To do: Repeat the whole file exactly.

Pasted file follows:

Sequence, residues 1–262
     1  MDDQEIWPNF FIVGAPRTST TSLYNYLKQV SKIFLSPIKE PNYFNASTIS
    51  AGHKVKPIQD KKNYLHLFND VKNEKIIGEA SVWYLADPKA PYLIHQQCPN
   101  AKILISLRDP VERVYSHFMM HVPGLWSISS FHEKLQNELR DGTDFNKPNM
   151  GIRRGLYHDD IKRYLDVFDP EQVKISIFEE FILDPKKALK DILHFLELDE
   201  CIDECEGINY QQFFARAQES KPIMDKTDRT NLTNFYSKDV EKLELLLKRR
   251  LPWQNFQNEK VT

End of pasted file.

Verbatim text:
Sequence, residues 1–262
     1  MDDQEIWPNF FIVGAPRTST TSLYNYLKQV SKIFLSPIKE PNYFNASTIS
    51  AGHKVKPIQD KKNYLHLFND VKNEKIIGEA SVWYLADPKA PYLIHQQCPN
   101  AKILISLRDP VERVYSHFMM HVPGLWSISS FHEKLQNELR DGTDFNKPNM
   151  GIRRGLYHDD IKRYLDVFDP EQVKISIFEE FILDPKKALK DILHFLELDE
   201  CIDECEGINY QQFFARAQES KPIMDKTDRT NLTNFYSKDV EKLELLLKRR
   251  LPWQNFQNEK VT